Introduction: The Versatile Torsion Box
Shelves are a simple thing, but unfortunately, not always a reliable thing. Under the pressure of books or dishes, shelves flex and sag, making them unsightly and unsafe. Torsion box to the rescue! Though torsion boxes are often used for tabletops, they make great shelves for the same reason: lightweight strength.
Step 1: Ribs and Skins
A torsion box is two thin layers (“skins”) with a grid (“ribs”) glued in between. This construction results a lightweight, but strong structure, which is why it's perfect for shelves, especially ones that will carry a lot of weight, or need to span a great distance. Your bedroom door is probably a torsion box, which is why it's much lighter than your solid-core front door, but maintains its shape even with a lot of movement. Hollow-core doors typically have ribs made of cardboard, in a honeycomb pattern, but the concept is the same. (sidenote: A door also makes a great workbench top, for the same reason.)
Step 2: Example
This desk that I built for a friend has a torsion box top. Because he wanted his piano to sit in a drawer like a computer keyboard, the desk needed to have approx. 60" clearance between the lower support cabinets. Even with thick, stable plywood, that distance puts the surface at risk of bending (deflection) under the weight of elbows, speakers, etc. So the top was built as a torsion box, and it's solid enough for me to stand on.
The second photo shows a glimpse of the inner ribs that were glued in. Because the strength comes from all the glue surface between the skins and the ribs, it's not necessary to half lap the ribs where they cross. Certainly there's no harm in doing half laps, but it's much simpler to glue up the ribs in one direction, then cut smaller pieces to fill in the other way. Don't get me wrong; the ribs should be cut to length, minimizing gaps, but the torsion box is incredibly forgiving of some internal sloppiness.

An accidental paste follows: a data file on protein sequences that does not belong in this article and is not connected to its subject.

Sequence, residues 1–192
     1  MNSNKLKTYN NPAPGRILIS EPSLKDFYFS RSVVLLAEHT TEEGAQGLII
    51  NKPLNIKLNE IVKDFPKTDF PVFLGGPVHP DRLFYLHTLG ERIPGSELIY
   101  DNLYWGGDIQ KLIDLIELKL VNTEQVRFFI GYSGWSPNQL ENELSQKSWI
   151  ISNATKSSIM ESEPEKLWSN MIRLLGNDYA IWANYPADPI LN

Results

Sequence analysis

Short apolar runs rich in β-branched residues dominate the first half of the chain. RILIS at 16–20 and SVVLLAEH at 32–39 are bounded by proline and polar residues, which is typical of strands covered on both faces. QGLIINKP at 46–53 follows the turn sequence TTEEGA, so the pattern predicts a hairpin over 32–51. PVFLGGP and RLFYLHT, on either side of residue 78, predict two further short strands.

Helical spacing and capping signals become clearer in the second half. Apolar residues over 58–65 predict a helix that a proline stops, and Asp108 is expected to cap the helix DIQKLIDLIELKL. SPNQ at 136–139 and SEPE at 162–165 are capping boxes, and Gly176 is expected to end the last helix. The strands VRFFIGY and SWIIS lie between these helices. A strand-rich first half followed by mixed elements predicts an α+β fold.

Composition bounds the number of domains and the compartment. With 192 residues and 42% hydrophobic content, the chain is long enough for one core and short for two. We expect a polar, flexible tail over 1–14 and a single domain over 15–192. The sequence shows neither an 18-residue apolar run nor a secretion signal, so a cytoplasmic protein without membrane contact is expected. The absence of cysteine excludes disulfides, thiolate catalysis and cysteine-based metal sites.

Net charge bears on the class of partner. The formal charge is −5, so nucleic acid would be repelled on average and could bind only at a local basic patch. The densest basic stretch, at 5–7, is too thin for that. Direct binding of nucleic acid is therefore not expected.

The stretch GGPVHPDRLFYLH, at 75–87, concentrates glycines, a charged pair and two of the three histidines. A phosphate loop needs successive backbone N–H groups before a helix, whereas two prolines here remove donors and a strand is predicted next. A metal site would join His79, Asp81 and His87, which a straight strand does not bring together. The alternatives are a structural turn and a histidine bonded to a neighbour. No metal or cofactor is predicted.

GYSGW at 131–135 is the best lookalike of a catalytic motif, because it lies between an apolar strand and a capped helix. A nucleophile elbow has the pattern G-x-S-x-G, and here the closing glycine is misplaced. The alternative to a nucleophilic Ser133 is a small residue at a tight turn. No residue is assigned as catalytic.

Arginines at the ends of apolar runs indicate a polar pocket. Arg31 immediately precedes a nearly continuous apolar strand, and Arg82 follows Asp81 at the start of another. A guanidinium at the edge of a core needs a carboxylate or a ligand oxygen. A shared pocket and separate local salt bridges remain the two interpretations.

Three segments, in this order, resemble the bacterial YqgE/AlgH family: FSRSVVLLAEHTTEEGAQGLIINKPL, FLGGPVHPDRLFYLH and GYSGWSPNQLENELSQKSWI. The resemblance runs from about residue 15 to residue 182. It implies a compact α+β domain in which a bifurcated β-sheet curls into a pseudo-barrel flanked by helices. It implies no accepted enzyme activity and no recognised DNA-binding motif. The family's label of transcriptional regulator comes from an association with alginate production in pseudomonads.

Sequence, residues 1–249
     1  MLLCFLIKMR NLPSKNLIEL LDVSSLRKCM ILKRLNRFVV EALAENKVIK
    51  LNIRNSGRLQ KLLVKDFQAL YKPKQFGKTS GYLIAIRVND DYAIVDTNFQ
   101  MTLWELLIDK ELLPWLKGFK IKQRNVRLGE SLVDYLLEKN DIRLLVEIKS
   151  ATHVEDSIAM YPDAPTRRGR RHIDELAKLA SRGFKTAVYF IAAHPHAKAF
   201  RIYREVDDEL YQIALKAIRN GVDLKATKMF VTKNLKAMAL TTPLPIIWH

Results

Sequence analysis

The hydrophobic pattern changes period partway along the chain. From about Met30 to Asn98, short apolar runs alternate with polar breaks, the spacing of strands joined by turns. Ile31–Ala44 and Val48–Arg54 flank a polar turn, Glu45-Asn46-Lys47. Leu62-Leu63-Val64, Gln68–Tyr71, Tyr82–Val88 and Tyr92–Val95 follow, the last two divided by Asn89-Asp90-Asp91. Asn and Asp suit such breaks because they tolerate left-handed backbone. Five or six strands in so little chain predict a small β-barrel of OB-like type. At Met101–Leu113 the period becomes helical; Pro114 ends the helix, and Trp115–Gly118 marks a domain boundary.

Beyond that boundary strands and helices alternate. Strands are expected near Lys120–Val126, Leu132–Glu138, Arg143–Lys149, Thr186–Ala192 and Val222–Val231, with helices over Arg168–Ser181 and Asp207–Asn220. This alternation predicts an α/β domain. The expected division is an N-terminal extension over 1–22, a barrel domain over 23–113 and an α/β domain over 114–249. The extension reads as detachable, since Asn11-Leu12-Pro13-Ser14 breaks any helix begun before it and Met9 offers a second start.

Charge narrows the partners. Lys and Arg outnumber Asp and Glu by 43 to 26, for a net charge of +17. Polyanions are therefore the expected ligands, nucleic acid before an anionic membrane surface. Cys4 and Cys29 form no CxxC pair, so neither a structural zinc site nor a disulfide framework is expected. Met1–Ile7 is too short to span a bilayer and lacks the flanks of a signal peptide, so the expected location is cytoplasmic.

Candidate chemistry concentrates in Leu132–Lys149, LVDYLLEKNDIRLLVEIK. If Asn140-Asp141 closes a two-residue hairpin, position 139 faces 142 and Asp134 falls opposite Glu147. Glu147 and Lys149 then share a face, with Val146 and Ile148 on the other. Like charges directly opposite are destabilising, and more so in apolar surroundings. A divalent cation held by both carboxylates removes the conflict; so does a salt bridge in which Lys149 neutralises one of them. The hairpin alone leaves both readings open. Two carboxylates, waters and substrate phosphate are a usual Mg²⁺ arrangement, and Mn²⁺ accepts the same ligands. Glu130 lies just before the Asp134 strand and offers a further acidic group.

Another element to keep in mind is that the height of the ribs will contribute to strength. Thinner is not better here, so consider the trade off between aesthetics and function in your design.
Though not needed for the sake of strength, trimming out the torsion box with hardwood will give it a cleaner, more finished look. If you wish to mitre (45º) the corners, remember to measure each piece for the total length, including the trim on both ends. When in doubt, cut it longer than you need and adjust later with a hand plane and/or sandpaper.
Step 3: Shelf Installation Options
These shelves work best when they are installed against at least two surfaces. They will be strong as floating shelves against a single cleat, but when installed in a corner with at least two cleats, they'll be bulletproof (not literally... don't shoot it.)
Check out these great examples:
from YouTuber Ron Budman
Commercial versions often have metal tubing you attach to studs, but wooden cleats are just as strong, and easier to make yourself.
Step 4: Additional Resources
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7 months ago
Torsion Box...One of my biggest challenges in my DIY adventures is not having the vocabulary to look up different techniques. Thanks for the education!
7 years ago
I can confirm that using a torsion box technique makes for a very strong and stable shelf or bench top. I have even made a two part model train layout table using a slight variation on this system.
7 years ago
I use torsion box design when making machinery tables; economical and an astounding load- bearing ability, and the best part is they can be made up from mostly scrap or shorts from the workshop.